Rua Red is a multidisciplinary art centre located in the heart of Tallaght, that commission and produce work of deep relevance to the people who live in South Dublin County.
Work that initiates important discussion around social political issues that impact locally, nationally, and internationally. At Rua Red we are acutely conscious of our newly arrived communities who are currently experiencing great loss, trauma, displacement, and crisis due to the ongoing war on Ukraine.
Rua Red have invited Array Collective to work alongside Patty Abozaglo, Trauma and Wellness Facilitator on the Glencree Welcomes Refugees Project. The artists and facilitators will engage with the local refugee community in a series of facilitated dialogues, creative workshops, and well-being sessions; ensuring that individual voices are heard and valued.
The Array Collective is a group of individual artists based in Belfast, who create collaborative actions in response to socio-political issues. The Array Collective won the esteemed Turner Prize in 2021, they are a group of 11 artists who create collaborative actions in response to socio-political issues. They are known for projects that support "gay rights, marriage equality, feminism, reproductive rights and anti-austerity activism". They have been highly commended for their work to inspire social change through art and working collaboratively with local communities. The collective has been working together since 2016, motivated by the growing anger around human rights issues happening at the time.
The Glencree Centre for Peace & Reconciliation works to prevent and transform political and inter-communal conflict and build peaceful, inclusive societies. Glencree’s Intercultural and Refugee Programme has been liaising with the South Dublin County Partnership for over 6 years in its wellness work with women from refugee backgrounds living in Clondalkin and will now engage with Ukrainian refugees living in Tallaght in this creative process for well-being. Patty Abozaglo, facilitates group sessions using Capacitar Multicultural Trauma Healing self-care practices and Laban Dance. Glencree’s experience is that these movement practices provide immediate benefits and support participants’ well-being and integration within local communities.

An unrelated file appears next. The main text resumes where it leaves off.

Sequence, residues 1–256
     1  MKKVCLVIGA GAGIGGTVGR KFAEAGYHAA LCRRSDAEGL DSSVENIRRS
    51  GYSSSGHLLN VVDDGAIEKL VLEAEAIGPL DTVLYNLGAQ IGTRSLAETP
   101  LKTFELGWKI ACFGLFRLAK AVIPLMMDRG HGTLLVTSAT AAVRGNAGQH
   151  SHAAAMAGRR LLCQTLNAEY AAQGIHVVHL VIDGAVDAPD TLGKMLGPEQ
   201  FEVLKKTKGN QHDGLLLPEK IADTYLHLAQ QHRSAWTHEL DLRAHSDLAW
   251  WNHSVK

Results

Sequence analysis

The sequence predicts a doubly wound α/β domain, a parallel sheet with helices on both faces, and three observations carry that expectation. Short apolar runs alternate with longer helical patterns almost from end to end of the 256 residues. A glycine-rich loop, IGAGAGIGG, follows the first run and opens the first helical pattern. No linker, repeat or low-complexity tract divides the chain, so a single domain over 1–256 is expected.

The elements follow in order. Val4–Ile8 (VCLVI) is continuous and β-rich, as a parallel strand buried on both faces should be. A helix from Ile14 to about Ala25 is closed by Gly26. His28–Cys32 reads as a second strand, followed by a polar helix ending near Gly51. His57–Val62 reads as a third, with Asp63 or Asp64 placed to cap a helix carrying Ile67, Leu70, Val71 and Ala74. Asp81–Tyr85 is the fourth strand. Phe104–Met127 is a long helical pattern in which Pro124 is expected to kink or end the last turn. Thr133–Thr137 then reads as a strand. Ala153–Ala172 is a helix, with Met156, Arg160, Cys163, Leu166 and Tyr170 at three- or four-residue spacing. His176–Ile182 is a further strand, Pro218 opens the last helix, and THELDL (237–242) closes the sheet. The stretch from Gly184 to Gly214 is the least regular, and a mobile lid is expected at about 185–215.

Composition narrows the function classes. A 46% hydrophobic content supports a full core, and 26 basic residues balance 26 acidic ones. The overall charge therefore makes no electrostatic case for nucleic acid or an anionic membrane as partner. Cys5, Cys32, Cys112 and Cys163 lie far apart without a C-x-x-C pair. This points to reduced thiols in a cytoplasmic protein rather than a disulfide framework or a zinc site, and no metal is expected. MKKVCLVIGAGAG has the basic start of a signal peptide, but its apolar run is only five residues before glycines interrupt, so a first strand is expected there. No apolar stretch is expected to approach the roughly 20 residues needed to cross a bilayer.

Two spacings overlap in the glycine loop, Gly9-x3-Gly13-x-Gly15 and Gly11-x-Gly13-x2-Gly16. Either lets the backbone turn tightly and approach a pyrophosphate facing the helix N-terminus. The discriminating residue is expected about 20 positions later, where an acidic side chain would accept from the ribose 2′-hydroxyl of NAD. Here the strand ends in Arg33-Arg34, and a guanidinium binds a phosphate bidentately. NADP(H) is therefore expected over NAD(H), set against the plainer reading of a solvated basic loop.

"Participants find the sessions very useful to reduce levels of stress and became more aware of their own bodies and stress carried in different body parts. The sessions help them to be more connected, to feel peaceful, calm and positive.” - Patty Abozaglo.
Feedback from participants, both refugees, and professionals working with refugees, has been very positive. One participant found it difficult to disconnect with her thoughts but at the end of the session she felt “more grounded, and her mind was quieter.” Another participant stated: “When I arrived, I had a headache, I felt heavy. Now my headache is gone. I feel better, and more relaxed.” Another participant said following the session that they were now: “Feeling good! I had fun, positive energy. I want more!”
Together the artists and facilitator will work with Ukrainian families, who are living in the nearby hotels, in an open-ended, creative process.
This project is supported by South Dublin County Council Arts Office.